By the Waters of Babylon Questions and Answers
by Stephen Vincent Benét

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What is the main theme in "The Waters of Babylon"?

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Octavia Cordell eNotes educator | Certified Educator

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I would say that the theme of the story is the difference between knowledge and truth. The son longs to learn the secrets of the “dead places.” His journey to the bombed out city is forbidden by the laws of his people, but he is compelled to go nevertheless. What he discovers is that the “gods” of this place were not gods at all — they were humans like himself. While their technological achievements were very great, the “gods” were most definitely fallible, as the ruins of the great city attest. 

The son’s thirst to know is distinguished from the laws of the priesthood and of his society, which forbids travel to the dead places. The “truth” about these places, as he has learned it from his father, is that they are dangerous, poisonous places, and that the ways of the gods are an unsolvable mystery. These rules are in place in part to protect the hill people from making the same mistakes the “gods” made. As his father puts it after the son tells him what he has learned, “If you eat too much truth at once, you may die of the truth,” meaning that sometimes people are not ready to know everything. Although the son was compelled to break the law and visit the city to see things for himself, afterwards he comes to understand why the law existed in the first place — to prevent the people from “eating knowledge too fast.”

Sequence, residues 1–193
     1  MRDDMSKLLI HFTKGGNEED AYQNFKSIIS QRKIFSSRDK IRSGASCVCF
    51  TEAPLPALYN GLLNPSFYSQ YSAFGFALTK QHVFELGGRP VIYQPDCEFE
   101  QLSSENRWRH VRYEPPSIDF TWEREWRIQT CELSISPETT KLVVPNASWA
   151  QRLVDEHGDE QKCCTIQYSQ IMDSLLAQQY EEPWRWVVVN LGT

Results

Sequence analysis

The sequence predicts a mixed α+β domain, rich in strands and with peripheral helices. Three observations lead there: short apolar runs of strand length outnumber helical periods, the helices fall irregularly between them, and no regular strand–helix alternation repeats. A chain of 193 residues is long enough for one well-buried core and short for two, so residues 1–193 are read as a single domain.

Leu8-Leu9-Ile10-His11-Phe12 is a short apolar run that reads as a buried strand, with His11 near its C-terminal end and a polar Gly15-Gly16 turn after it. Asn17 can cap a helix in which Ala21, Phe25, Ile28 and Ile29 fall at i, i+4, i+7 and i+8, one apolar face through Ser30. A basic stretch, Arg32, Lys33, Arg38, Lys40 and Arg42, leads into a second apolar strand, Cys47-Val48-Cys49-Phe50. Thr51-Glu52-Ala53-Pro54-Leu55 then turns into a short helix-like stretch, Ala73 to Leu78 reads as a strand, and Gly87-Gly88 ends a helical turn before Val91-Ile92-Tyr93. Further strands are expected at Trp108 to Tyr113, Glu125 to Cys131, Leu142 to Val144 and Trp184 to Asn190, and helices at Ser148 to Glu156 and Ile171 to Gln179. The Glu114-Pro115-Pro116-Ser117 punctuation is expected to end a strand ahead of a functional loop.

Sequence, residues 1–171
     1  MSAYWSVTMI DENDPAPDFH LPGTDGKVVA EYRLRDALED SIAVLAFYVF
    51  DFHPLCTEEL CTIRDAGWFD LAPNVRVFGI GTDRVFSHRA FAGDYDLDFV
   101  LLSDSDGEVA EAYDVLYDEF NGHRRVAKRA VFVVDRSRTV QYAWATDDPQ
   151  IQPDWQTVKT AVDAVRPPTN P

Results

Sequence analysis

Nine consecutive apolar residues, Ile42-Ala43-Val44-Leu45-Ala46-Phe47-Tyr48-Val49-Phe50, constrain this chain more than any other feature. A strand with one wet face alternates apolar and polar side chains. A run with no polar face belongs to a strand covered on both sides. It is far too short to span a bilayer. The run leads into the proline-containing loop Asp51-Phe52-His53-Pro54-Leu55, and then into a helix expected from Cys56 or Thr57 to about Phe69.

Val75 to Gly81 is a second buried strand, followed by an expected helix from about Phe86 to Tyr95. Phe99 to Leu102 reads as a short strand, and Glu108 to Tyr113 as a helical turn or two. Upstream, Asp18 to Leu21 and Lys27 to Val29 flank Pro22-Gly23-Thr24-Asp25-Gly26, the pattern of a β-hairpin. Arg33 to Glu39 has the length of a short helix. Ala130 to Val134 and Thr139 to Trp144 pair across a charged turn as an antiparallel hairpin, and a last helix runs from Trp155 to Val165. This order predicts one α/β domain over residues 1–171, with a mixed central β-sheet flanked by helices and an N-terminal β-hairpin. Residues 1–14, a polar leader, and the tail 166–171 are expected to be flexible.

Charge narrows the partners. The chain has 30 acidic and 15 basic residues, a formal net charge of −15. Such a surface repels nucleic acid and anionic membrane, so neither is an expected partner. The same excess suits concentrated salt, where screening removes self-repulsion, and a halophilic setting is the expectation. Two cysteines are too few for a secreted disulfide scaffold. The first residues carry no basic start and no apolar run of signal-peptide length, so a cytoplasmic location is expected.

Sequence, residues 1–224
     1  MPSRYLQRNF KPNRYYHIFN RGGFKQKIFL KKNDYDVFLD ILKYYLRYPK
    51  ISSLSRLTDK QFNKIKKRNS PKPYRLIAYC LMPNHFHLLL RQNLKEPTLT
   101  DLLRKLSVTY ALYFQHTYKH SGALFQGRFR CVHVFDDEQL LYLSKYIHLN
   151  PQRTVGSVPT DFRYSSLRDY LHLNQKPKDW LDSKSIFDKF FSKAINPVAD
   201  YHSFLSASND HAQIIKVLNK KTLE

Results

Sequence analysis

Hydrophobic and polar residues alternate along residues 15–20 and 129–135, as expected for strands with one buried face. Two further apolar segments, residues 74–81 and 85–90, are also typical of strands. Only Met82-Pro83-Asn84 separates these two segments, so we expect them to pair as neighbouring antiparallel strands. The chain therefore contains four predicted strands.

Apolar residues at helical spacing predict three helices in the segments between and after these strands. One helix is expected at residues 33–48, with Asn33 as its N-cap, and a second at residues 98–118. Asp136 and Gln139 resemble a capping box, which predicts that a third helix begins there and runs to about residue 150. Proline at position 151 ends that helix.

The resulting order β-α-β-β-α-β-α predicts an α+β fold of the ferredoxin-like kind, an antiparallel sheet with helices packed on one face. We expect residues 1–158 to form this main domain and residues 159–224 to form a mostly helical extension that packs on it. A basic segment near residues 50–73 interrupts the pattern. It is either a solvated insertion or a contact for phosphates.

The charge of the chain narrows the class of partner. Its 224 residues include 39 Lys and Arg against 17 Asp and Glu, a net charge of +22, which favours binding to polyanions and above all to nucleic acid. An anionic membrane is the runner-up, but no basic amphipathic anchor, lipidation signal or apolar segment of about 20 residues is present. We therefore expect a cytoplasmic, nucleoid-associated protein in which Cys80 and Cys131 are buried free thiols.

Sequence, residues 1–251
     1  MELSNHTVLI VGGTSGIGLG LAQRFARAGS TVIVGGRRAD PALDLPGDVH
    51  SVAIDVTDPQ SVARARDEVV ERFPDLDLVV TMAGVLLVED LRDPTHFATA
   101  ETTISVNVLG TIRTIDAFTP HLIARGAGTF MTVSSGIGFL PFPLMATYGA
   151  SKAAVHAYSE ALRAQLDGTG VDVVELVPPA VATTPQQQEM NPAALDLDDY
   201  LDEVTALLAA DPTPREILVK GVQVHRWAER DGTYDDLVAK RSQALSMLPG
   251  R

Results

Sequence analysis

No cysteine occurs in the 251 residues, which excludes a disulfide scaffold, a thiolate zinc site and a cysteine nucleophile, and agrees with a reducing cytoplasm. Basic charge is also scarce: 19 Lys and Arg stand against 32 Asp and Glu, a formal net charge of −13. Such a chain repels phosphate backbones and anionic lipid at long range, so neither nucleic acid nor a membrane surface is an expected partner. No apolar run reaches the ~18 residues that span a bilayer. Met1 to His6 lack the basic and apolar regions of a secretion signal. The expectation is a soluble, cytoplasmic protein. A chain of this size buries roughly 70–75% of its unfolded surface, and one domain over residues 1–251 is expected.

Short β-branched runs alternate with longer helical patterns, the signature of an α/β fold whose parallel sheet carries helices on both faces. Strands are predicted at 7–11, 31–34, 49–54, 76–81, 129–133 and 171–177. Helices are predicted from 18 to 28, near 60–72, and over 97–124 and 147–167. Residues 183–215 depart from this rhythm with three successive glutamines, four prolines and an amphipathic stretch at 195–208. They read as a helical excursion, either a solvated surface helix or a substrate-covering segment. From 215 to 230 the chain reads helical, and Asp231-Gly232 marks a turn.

The story ends with the son deciding that once he becomes priest his people must return to the dead places to “rebuild.” The presumption is that their relearning of the old knowledge will be tempered by the truth that great knowledge does not make one infallible.

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Jonathan Beutlich, M.A. eNotes educator | Certified Educator

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I think the main theme of "By the Waters of Babylon" is the importance of knowledge.  That theme is a double edged sword though.  Knowledge is important to have and not lose, but it is equally important to not abuse.  

Throughout the story, the reader is learning about the world through the limited view of John.  Things seem vaguely familiar, but completely different.  Eventually the reader learns that the story is taking place in a far off future in a world that has been destroyed by nuclear war.  All of the technology and learning of hundreds of years before has been lost, and the world has reverted to tribal origins and deep superstitions.  The story ends with John vowing to bring back the lost knowledge to his people, so that they can once again be great.  

The other side of the importance of knowledge though comes as a warning from Benet.  John tells his readers that the "gods" had gotten too powerful in their knowledge.  Their learning accelerated beyond their ability to control it and its technologies.  The consequence was the destruction of the world.  

I saw them with wisdom beyond wisdom and knowledge beyond knowledge. And yet not all they did was well done—even I could see that, and yet their wisdom could not but grow until all was peace

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